The last lesson showed that an infinite sequence of steps could lead to a finite conclusion. Let's put it into practice, and see how breaking change into infinitely small parts can point to the the true amount.
Imagine you're a doctor trying to measure a patient's heart rate while exercising. You put a guy on a treadmill, strap on the electrodes, and get him running. The machine spit out 180 beats per minute. That must be his heart rate, right?
Nope. That's his heart rate when observed by doctors and covered in electrodes. Wouldn't that scenario be stressful? And what if your Nixon-era electrodes get tangled on themselves, and tug on his legs while running?
Ah. We need the electrodes to get some measurement. But, right afterwards, we need to remove the effect of the electrodes themselves. For example, if we measure 180 bpm, and knew the electrodes added 5 bpm of stress, we'd know the true heart rate was 175.
The key is making the knowingly-flawed measurement, to get a reading, then correcting it as if the instrument wasn't there.
Measuring the derivative is just like putting electrodes on a function and making it run. For $$$f(x) = x^2$$$, we stick an electrode of $$$+1$$$ onto it, to see how it reacted:
The horizontal stripe is the result of our change applied along the top of the shape. The vertical stripe is our change moving along the side. And what's the corner?
It's part of the horizontal change interacting with the vertical one! This is an electrode getting tangled in its own wires, a measurement artifact that needs to go.
The founders of calculus intuitively recognized which components of change were "artificial" and just threw them away. They saw that the corner piece was the result of our test measurement interacting with itself, and shouldn't be included.
In modern times, we created official theories about how this is done:
Limits: We let the measurement artifacts get smaller and smaller until they effectively disappear (cannot be distinguished from zero).
Infinitesimals: Create a new type of number that lets us try infinitely-small change on a separate, tiny number system. When we bring the result back to our regular number system, the artificial elements are removed.
There are entire classes dedicated to exploring these theories. The practical upshot is realizing how to take a measurement and throw away the parts we don't need.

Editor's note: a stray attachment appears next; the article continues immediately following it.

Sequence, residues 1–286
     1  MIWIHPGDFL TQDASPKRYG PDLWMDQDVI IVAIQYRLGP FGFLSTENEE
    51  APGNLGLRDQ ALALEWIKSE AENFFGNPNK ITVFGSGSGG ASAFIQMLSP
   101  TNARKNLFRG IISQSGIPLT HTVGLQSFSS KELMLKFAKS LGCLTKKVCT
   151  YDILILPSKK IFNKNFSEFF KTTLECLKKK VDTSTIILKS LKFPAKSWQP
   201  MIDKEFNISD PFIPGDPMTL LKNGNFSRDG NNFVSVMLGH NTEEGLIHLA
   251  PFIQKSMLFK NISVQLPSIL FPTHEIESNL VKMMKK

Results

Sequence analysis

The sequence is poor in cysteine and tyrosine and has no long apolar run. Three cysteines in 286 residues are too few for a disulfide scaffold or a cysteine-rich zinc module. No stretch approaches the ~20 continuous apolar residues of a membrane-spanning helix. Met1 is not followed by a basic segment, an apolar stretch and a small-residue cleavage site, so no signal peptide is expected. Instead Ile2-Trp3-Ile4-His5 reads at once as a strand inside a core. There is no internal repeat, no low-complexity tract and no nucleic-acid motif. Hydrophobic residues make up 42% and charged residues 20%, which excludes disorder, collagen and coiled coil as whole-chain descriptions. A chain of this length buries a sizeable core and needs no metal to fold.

Here's the setup, described with limits:
Step | Example |
---|---|
Prereq: Start with a function to study | $$f(x) = x^2 $$ |
1: Change the input by dx, our test change | $$f(x + dx) = (x + dx)^2 = x^2 + 2x\cdot dx + (dx)^2 $$ |
2: Find the resulting change in output, $$$df$$$ | $$f(x + dx) - f(x) = 2x\cdot dx + (dx)^2 $$ |
3: Find $$$\frac{df}{dx}$$$ | $$\frac{2x\cdot dx + (dx)^2}{dx} = 2x + dx $$ |
4: Throw away the measurement artifacts | $$2x + dx \overset{dx \ = \ 0} \Longrightarrow 2x $$ |
Wow! We found the official derivative for $$$\frac{d}{dx} x^2$$$ on our own:
Now, a few questions:
Why do we measure $$$\frac{df}{dx}$$$, and not the actual change df? Think of df as the raw change that happened as we made a step. The ratio is helpful because it normalizes comparisons, showing us how much the output reacts to the input. Now, sometimes it can be helpful to isolate the actual change that happened in an interval, and rewrite $$$\frac{df}{dx} = 2x$$$ as $$$df = 2x \cdot dx$$$.
How do we set dx to 0? I see dx as the size of the instrument used to measure the change in a function. After we have the measurement with a real instrument ($$$2x + dx$$$), we figure out what the measurement would be if the instrument wasn't there to interfere ($$$2x$$$).
But isn't the $$$2x + 1$$$ pattern correct? The integers have the squares 0, 1, 4, 9, 16, 25 which has the difference pattern 1, 3, 5, 7, 9. Because the integers must use a fixed interval of 1, using $$$dx = 1$$$ and keeping it around is a perfectly accurate way to measure how they change. However, decimals don't have a fixed gap, so $$$2x$$$ is the best result for how fast the change between $$$2^2$$$ and $$$(2.0000001)^2$$$ is happening. (Except, replace 2.0000001 with the number immediately following 2.0, whatever that is).
If there's no '+1', when does the corner get filled in? The diagram shows how area grows in the presence of a crude instrument, dx. It isn't a decree on how more area is added. The actual change of 2x is the horizontal and vertical strip. The corner represents a change from the vertical strip interfering with the horizontal one. It's area, sure, but it won't be added on this step.
I imagine a square that grows by two strips, melts to absorb the area (forming a larger square), then grows again, then melts, and so on. The square isn't "staying still" long enough to have the horizontal and vertical extensions interact.
Practical conclusion: We can start with a knowingly-flawed measurement ($$$f'(x) \sim 2x + dx$$$), and deduce the result it points to ($$$f'(x) = 2x$$$). The theories of exactly how we throw away $$$dx$$$ aren't necessary to master today. The key is realizing there are measurement artifacts that can be removed when modeling how pattern changes.
(Still shaky about exactly how dx can appear and disappear? Good. This question took mathematicians decades to figure out. Here's a deeper discussion of how the theory works, but remember this: When measuring, ignore the effect of the instrument.)
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